UK Regional Productivity Variations and What Might be Driving These

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Over the past decade, the gap between the UK’s productivity performance and other OECD countries has been widening. This is due to unusually slow growth rates in UK productivity since 2010 in spite of rising employment, leading to what has been termed the UK’s ‘productivity puzzle’. Within the UK, there are also vast variations in productivity between regions. These are shown in the map below using gross value added (GVA) per hour data, the most commonly used measure for comparing productivity within and across countries. Here it is shown in its nominal form for 2017 for NUTS3 regions in Great Britain (GB).

Source: ONS, Subregional productivity: nominal (smoothed) GVA per hour worked indices, 2018
Source: ONS, Subregional productivity: nominal (smoothed) GVA per hour worked indices, 2018

From this map, we can clearly see the productivity differentials between GB regions, with London, most of the South East and a small number of large cities in England and Scotland showing as having the highest productivity in terms of regional outputs.

But why are there such vast variations? The answer, of course, is not a simple one and the UK’s productivity puzzle in large part remains unsolved. There are, however, a wide range of studies by leading productivity experts that point to a number of key factors associated with national and regional productivity performance and variations as outlined below.

Knowledge and Innovation

Regional productivity performance has been linked to investment in R&D and other innovation activities (Cozza et al., 2012; Vieira et al., 2011); knowledge assets (including both human and technological) (Paci and Marrocu, 2013); and human capital, patenting activity and entrepreneurship (van Oort and Bosma, 2013).

FDI, Capital and Technology

Research finds that foreign-owned firms contribute more to productivity growth than UK-owned firms (Harris and Moffat, 2013). Research also suggests that productivity is driven by capital accumulation and technological and digital diffusion, with technology gaps a source of unused potential productivity growth (Filippetti and Peyrache, 2013).

Connectivity and Infrastructure

Places with poor quality transport are disadvantaged in comparison to places with better quality transport (Banister and Berechman, 2001). Linking to this evidence suggests that accessibility improvements can lead to places attracting more firms (Gibbons et al., 2010). Access to cities has also been found as influential (Rice and Venables, 2004) due to the benefit of high jobs density for knowledge sharing and new learning.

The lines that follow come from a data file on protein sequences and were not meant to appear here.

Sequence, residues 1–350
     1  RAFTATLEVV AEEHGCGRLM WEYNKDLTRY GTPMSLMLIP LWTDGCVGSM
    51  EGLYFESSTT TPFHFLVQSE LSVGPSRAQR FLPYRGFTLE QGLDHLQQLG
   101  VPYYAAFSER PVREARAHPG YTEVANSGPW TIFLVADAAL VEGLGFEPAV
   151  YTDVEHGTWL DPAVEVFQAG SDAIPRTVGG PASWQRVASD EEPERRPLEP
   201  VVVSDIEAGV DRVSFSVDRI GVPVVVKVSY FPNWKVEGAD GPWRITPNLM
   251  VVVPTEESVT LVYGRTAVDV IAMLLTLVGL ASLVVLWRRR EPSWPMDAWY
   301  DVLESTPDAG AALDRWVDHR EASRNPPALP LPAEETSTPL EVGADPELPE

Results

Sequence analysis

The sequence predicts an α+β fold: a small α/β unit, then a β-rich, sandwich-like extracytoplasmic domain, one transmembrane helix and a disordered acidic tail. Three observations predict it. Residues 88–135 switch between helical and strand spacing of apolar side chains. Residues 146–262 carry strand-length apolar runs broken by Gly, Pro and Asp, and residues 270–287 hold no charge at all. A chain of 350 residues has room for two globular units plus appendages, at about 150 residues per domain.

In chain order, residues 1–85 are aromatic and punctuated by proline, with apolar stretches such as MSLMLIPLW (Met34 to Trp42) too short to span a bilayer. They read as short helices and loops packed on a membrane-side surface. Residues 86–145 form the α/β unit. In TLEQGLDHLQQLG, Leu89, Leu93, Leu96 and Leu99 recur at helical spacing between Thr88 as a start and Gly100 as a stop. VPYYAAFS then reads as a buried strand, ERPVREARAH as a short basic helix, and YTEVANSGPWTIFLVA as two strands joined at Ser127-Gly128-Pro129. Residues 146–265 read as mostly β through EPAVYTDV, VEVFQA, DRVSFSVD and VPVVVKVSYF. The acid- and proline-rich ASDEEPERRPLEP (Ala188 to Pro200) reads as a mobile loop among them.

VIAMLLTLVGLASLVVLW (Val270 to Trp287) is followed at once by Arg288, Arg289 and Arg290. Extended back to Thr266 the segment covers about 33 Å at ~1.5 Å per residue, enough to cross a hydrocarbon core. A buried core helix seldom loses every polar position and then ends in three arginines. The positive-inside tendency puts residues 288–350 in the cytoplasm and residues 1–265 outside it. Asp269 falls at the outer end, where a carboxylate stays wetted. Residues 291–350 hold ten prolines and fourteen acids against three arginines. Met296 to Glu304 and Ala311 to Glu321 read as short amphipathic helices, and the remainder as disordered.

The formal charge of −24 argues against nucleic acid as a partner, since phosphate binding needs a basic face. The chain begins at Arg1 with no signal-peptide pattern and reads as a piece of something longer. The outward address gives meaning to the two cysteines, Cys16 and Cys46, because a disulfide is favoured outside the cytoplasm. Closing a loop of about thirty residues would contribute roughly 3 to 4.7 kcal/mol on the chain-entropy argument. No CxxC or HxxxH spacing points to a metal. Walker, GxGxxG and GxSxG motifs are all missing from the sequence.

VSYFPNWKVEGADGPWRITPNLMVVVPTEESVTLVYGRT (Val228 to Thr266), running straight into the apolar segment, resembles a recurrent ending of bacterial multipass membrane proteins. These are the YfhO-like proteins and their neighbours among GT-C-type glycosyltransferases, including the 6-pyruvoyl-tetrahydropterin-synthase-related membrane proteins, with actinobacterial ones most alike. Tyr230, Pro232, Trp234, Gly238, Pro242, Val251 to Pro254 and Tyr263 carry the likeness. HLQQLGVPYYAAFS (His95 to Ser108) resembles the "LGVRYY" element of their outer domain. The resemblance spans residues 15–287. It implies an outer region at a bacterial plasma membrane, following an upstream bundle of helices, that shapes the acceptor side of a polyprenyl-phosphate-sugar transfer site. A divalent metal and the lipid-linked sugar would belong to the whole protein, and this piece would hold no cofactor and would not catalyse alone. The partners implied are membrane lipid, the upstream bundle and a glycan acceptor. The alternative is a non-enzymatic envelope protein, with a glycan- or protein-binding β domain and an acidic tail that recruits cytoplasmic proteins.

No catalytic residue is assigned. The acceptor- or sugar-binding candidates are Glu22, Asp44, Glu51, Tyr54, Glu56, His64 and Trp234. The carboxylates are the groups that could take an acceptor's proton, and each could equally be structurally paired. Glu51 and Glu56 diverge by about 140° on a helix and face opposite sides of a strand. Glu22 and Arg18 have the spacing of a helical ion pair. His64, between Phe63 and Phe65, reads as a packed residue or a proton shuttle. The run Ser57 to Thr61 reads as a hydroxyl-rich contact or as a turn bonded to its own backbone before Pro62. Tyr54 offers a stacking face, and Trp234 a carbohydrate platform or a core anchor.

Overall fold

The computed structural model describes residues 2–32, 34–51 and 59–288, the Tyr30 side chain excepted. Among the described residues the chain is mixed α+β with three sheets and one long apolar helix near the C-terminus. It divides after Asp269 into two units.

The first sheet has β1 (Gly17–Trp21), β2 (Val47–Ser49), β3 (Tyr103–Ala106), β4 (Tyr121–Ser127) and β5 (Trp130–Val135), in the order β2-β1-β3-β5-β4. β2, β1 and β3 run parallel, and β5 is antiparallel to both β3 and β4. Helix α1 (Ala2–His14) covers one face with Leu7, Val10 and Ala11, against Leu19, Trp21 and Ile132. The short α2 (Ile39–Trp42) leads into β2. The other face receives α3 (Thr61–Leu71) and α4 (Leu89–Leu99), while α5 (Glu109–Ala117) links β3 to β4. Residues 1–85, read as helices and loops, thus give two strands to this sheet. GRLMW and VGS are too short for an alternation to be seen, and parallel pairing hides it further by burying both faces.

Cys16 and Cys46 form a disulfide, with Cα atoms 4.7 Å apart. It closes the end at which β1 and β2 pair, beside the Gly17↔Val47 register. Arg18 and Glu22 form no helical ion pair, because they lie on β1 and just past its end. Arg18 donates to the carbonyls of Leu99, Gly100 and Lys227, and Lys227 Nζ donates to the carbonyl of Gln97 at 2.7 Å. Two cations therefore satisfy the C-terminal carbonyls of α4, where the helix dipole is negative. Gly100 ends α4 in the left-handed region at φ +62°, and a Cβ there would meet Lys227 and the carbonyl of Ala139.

Productivity varies considerably by industry with, for example, financial services and manufacturing being relatively productive sectors in comparison to construction and retail that have productivity levels below the national average (Oxford Economics, 2018). The drivers of productivity between sectors also vary, with diversity found as having a positive effect on the performance of knowledge-intensive services in ‘old’ European urban areas whilst specialization is effective in ‘new’ low-tech manufacturing urban areas (Marrocu et al., 2012).


Different levels of skills between regions is another key factor for the differences in local economic performance linked to productivity. Regions with high proportions of level 4 skills have been found as having higher productivity levels (Oguz and Knight, 2011), although productivity has also been linked to job-related training as well as low and medium skills (Abreu, 2018). Emerging technologies such as AI could radically and rapidly change the nature of skills needed (Besleu et al., 2018).

Inclusivity, Inequality and Wellbeing

Inequality, wellbeing and inclusivity have been linked to productivity, with research finding that efforts to improve educational outcomes, reduce welfare dependency and tackle debt and addiction are likely to generate productivity gains (Centre for Social Justice, 2018). Lower happiness has also been associated with lower productivity (Oswald et al., 2015). It has been suggested that strategies that focus both on productivity growth and inclusion are likely to have the greatest impact on living standards (Stansbury and Summers, 2017).

Governance and Institutions

Cities with fragmented governance structures tend to have lower levels of productivity (Ahrend et al., 2014). This is because regional institutions are critical to delivering on policy relating to productivity and its drivers (Cook et al., 2018). This calls for a stable, properly resourced, long-term policy framework to help improve the fortunes of struggling cities (Martin et al., 2017). A positive relationship has also been found between public-private partnership investments and productivity (Navarro-Espigares and Martin-Segura, 2010).

The central aim of the LIPSIT project is to identify institutional and organisational arrangements at the regional level that tend to lead to the ‘good’ management of policy trade-offs associated with increasing productivity and to make recommendations based on this.

This blog was written by Charlotte Hoole, Research Fellow, City-REDI, University of Birmingham and was first posted on the LIPSIT project website

The views expressed in this analysis post are those of the authors and not necessarily those of City-REDI or the University of Birmingham.

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